Sometimes no cash allowed in the new payments world (II)

Published on 2016-12-05

Seamless connections

Ego Pharmaceuticals managing director Alan Oppenheim also found enormous online demand caused him to fast-track China plans for Australia's largest locally owned pharmaceutical company. He says sales of a product in China are often an order of magnitude larger than Ego could achieve at Woolworths and Coles.

Social media in China is also supercharged in both its functionality and popularity. David Liao's lesson in the importance of AliPay and WeChat Pay demonstrates a functionality for social platforms such as WeChat well beyond what most Australians experience with the likes of Twitter and Facebook.

High social media engagement from consumers means companies are very rarely wanting for feedback, which is seamlessly connected with such payment systems. Freedom Food's Macleod warns companies must pay close attention to the feedback, which differs tremendously in volume and timeliness compared to Australia, where he says "we're lucky if we hear anything if someone gets sick".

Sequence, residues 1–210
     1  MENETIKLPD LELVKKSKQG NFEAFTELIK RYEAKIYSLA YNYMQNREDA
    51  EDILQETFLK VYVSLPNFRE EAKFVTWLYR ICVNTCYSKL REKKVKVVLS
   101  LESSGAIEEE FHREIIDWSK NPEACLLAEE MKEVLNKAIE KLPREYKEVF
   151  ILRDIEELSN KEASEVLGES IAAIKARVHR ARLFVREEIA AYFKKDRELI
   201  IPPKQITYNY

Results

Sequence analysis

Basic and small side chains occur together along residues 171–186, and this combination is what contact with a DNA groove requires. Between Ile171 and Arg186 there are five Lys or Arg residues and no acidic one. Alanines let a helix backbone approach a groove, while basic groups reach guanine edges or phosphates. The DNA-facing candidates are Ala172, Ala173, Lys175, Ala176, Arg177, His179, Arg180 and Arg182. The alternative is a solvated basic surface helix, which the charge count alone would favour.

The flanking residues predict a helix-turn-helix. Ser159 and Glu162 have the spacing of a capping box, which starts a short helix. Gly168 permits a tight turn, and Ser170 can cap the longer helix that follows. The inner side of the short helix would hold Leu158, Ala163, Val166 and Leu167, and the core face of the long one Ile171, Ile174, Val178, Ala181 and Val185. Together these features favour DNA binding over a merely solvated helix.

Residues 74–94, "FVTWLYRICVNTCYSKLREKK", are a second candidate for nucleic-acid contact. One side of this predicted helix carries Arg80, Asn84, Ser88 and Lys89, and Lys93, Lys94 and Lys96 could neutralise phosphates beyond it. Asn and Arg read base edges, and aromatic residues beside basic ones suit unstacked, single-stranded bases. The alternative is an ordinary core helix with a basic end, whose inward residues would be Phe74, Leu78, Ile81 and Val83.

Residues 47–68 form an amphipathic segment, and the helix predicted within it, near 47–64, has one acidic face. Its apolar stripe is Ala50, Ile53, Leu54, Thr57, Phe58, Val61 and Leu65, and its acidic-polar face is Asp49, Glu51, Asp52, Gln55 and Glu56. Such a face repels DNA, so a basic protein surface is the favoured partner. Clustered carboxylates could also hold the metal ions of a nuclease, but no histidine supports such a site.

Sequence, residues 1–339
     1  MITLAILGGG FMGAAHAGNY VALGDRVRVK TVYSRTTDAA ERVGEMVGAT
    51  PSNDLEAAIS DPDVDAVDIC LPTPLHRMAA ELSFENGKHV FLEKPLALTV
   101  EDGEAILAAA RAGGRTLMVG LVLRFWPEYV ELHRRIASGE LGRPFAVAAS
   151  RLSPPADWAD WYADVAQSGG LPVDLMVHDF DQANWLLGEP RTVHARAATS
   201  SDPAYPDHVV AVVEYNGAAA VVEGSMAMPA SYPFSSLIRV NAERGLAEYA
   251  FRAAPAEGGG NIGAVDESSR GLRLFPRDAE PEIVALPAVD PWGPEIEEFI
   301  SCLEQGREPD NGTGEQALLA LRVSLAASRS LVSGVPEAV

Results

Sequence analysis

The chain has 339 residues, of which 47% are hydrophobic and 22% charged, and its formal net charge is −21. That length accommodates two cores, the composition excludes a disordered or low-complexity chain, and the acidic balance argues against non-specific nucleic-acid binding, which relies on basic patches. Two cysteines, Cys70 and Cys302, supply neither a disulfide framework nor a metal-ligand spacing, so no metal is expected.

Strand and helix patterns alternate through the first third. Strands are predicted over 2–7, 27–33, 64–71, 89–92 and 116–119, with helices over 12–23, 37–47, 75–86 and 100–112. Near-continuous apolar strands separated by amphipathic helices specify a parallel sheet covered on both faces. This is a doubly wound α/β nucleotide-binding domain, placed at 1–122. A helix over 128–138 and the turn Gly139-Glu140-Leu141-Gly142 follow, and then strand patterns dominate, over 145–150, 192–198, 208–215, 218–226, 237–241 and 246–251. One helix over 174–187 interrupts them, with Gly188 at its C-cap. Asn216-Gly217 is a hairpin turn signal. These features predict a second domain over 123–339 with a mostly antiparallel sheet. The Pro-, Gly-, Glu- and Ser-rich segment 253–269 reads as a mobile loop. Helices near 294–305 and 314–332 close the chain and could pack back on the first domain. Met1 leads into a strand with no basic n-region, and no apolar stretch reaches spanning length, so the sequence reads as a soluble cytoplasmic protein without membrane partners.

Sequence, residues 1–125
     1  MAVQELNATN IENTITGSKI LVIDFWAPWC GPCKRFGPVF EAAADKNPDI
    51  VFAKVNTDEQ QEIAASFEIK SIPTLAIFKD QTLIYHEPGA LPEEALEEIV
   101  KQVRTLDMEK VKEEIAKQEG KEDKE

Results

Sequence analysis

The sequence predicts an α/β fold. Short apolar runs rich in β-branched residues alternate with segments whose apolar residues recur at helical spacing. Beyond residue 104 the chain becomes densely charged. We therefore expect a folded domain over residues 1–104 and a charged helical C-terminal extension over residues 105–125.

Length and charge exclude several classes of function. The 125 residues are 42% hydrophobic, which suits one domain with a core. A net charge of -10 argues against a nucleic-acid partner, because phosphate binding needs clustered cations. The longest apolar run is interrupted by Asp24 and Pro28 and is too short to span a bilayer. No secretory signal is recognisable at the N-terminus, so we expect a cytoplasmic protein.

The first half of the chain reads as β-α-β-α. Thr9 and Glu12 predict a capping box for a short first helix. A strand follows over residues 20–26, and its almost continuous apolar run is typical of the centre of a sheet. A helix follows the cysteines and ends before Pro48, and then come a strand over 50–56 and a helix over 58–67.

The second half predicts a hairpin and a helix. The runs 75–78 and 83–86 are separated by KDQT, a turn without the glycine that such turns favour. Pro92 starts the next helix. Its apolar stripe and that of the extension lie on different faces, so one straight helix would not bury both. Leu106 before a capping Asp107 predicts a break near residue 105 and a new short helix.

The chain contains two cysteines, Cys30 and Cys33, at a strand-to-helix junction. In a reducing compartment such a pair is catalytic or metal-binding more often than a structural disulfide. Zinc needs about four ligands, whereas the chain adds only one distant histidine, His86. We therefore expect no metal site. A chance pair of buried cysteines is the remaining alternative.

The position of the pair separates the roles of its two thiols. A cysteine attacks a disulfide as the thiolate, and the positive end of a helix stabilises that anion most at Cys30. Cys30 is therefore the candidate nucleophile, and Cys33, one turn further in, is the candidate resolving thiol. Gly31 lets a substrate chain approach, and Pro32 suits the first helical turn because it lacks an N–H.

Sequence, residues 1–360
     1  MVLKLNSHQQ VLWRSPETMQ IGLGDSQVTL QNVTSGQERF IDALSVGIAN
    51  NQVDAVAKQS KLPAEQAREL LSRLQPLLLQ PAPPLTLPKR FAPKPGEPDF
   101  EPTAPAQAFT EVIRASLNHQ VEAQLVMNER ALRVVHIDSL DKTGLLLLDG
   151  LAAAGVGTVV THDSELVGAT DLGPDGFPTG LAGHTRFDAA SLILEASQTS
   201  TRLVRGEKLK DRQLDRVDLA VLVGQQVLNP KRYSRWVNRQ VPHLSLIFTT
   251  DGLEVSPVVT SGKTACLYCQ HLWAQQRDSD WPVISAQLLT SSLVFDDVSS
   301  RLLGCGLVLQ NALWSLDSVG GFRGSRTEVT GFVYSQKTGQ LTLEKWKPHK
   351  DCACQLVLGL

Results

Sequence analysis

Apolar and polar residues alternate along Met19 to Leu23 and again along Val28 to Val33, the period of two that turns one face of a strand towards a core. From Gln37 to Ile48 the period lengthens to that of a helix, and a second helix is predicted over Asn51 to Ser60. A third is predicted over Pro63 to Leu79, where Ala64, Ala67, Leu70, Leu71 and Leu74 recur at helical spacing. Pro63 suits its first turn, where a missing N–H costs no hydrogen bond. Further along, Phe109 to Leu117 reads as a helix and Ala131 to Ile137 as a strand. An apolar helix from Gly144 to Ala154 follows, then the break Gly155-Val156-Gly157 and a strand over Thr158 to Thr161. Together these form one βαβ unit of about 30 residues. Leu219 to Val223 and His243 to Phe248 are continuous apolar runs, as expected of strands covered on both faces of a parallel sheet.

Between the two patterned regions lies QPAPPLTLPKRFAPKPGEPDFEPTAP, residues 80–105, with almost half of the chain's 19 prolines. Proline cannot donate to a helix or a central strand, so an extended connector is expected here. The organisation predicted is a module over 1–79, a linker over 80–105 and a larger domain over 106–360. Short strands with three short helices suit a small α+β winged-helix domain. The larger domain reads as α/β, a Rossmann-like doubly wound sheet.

Oppenheim marvels at the sheer scale of promotional opportunities in social media. He recalls the visit of a promotional company touring the Ego facilities, where young staff with smartphones live-streamed and interacted with an audience that totalled a colossal 10.4 million views, with 176,000 comments.

Yet China's embrace of technology offers opportunities well beyond consumer products. Chuyang Liu from the Australian Trade Commission sees potential in e-health, citing Australia's own advances in telehealth to remote areas as an area to exploit in China. A new "internet hospital" in Fujian launched in late August, allows patients to be examined without having to attend a bricks-and-mortar hospital thanks to connections with 1900 hospitals across China, including 7000 clinicians. 110 million citizens have already signed up for the program, including remote communities that may have just one laptop. Such enormous numbers remind Australian companies that the takeup of technology by the Chinese consumer is as exciting as it may be intimidating.